Jasper man honored on a float at the Rose Parade and Ruble Run

The family of Richard Ruble, elected by the Alabama Organ Center to represent Alabama in the 2014 Rose Parade, will host the first Ruble Run on Nov. 2 to celebrate a husband and father.

Richard Ruble learned a lot about hard work from his father, who was a devoted coal miner. The son followed in his father’s footsteps, working in the mines for 25 years before an on-the-job injury left him permanently disabled.

Richard Allen Ruble sThe younger Ruble, a Jasper native, also learned about the benefits of sacrifice and giving to others, and he lived a life that showed it. When the April 27, 2011, tornadoes ripped through central Alabama, Ruble prepared food for those in need and coordinated disaster recovery for Walker County. Soon after, he was named the volunteer construction coordinator for the long-term recovery committee in Walker County, and he led the reconstruction of more than 200 homes — acts which led to Ruble’s receiving a commendation from Governor Robert Bentley in recognition of his efforts.When Ruble died suddenly of a brain aneurysm in January at age 52, it was no surprise that his last act was one of sacrifice and giving hope — and life — to others. Ruble donated his kidneys at the University of Alabama at Birmingham Hospital and saved the lives of two people. His cornea donations gave the gift of sight to two others.

Ruble has been selected by the Alabama Organ Center (AOC) to represent Alabama on the Donate Life float in the 2014 Rose Parade on New Year’s Day. Ruble’s family, friends and neighbors will put the finishing touches on a floragraph of Ruble that will adorn the float Saturday, Nov. 2, following the first Ruble Run, which begins at 9 a.m. in Gamble Park in Jasper. Registration fees are $25 for the 5K, $20 for the Family Fun Run and $20 for the Senior Stroll. Sponsorships are $150, and all monies raised will benefit the educational efforts of the AOC and the Salvation Army’s annual Red Kettle campaign.

“When asked in the hospital about the possibility of donating his organs, there was no hesitation,” said Brandon Ruble, Richard’s son. “He made it clear that, if he could help others in his passing, he undoubtedly wanted to do so.”This is the third year that the AOC has sponsored a floragraph on the Donate Life float. This year’s float, which will be called “Light Up the World,” will feature 81 floragraphs adorning five lanterns raised almost 30 feet into the air. The flames of the second and fourth lanterns will be animated to flicker to represent giving life to others.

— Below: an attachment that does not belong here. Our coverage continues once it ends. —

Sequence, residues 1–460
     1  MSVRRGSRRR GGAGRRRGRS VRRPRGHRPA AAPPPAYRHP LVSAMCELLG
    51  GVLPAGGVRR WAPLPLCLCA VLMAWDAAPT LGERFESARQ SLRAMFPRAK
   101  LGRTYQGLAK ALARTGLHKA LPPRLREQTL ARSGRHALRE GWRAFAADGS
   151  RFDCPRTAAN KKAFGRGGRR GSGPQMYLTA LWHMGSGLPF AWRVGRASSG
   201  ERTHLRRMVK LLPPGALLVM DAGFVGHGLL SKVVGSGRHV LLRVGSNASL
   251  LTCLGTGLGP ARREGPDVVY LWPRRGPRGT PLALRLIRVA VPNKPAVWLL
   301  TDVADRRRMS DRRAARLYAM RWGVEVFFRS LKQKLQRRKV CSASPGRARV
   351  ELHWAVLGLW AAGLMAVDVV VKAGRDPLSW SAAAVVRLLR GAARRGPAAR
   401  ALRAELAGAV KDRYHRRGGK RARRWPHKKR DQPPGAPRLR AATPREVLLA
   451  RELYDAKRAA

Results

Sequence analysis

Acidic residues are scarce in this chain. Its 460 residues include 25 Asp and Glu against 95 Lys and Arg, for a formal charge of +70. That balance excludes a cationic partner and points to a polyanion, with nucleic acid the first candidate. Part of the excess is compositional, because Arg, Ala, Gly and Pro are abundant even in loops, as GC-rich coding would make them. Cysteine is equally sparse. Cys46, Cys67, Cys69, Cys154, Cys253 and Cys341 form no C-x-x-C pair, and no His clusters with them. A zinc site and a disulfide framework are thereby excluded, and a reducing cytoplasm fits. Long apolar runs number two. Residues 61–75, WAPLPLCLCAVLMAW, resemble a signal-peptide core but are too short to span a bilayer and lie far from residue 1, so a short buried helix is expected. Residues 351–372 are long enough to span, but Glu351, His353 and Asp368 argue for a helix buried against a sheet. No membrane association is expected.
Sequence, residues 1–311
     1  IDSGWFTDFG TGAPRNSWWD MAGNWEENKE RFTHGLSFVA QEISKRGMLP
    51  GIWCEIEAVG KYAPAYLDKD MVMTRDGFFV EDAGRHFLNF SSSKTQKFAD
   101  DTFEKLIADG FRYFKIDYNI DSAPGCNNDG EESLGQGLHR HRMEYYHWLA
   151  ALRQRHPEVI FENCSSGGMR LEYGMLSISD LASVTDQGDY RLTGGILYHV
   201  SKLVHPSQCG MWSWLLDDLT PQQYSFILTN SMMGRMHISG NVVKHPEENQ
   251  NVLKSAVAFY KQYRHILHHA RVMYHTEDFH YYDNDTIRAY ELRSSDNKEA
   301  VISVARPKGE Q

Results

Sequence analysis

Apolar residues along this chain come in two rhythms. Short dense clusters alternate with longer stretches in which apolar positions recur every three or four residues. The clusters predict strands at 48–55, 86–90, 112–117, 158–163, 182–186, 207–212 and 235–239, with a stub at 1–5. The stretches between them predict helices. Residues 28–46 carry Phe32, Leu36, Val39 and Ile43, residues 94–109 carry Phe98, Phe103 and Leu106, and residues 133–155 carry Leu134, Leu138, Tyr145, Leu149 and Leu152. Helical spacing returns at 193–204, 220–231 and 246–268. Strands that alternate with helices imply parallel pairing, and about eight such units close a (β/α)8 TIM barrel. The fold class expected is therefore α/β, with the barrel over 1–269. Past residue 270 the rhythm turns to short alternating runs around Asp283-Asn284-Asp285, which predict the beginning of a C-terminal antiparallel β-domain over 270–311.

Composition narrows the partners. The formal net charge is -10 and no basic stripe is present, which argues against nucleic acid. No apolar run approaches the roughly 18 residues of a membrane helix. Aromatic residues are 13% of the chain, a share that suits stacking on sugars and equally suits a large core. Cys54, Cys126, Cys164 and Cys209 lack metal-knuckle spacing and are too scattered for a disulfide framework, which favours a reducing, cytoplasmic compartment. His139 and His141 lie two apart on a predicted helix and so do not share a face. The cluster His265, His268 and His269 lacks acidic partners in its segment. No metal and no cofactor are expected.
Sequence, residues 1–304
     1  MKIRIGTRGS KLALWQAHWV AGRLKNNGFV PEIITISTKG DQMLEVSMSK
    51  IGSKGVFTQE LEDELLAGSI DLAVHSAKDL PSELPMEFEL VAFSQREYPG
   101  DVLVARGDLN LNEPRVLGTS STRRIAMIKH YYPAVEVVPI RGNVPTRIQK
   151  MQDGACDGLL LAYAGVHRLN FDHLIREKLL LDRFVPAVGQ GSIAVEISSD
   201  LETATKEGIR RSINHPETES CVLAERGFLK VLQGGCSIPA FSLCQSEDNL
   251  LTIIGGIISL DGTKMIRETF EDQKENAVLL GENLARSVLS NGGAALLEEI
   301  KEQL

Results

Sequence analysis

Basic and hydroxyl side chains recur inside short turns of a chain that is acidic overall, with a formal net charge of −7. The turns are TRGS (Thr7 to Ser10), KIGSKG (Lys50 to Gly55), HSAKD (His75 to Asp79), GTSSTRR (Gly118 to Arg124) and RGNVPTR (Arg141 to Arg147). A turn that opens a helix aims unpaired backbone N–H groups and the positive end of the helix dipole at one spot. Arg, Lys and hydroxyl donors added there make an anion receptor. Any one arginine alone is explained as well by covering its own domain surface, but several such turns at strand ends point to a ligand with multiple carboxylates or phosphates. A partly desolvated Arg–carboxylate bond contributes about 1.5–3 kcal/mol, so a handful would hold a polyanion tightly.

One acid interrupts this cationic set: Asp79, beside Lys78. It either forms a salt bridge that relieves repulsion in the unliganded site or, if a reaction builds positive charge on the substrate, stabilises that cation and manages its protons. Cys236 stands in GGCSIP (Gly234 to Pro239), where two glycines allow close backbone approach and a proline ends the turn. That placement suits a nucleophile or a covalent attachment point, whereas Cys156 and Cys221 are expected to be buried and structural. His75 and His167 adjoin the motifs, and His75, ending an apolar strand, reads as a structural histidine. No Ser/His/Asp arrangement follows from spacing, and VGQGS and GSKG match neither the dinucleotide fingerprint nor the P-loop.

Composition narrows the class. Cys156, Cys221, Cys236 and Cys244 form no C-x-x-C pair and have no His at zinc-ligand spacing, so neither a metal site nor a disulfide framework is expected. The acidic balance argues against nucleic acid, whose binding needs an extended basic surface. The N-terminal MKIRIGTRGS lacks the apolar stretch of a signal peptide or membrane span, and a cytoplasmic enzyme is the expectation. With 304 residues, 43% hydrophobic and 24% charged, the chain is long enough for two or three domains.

Ruble is the only Alabamian to be featured on this year’s float, and his family will fly to California to participate in the parade and other festivities with the families of other deceased donors.

“We find peace in knowing that, even though Dad is no longer here to help us or to cheer us on in the stands, we know his legacy lives on through us and in those to whom he gave a second chance at life,” Brandon Ruble said.

More than 3,800 people in Alabama are awaiting a transplant, according to Ann Rayburn, senior manager of professional education at the AOC. The state has an average of 120 organ donors each year.

Rayburn says Ruble and his family will be great representatives for Alabama in the upcoming Rose Parade.

“Richard had a generous spirit, which was evident in his volunteer efforts in the community and in his decision to donate his organs and tissue to help others,” Rayburn said. “For us, Richard and all of the Rubles represent the hundreds of donor families in Alabama who have graciously risen above their grief to help others. This year’s float is a beautiful visual representation of donation and transplantation.”

For the past 10 years, dozens of organizations nationwide, including the AOC, have collaborated to enter a Donate Life float in the Rose Parade. Originally envisioned by a lung recipient who wished to thank donors for their gifts of life, the Donate Life Rose Parade float has grown into a national tradition featuring dozens of participants each year, including riders who have received transplants, walkers who are living donors and deceased donors memorialized in “floragraph” portraits integrated into the float’s design.

This year’s memorial floragraph portraits will honor the living legacies of 81 people from 34 states, Korea and Taiwan.

More than 150 individuals have signed up to be part of Saturday’s first Ruble Run. For more information on how to participate, call 205-522-0732.

To learn more about becoming an organ and tissue donor, visit www.alabamaorgancenter.org.

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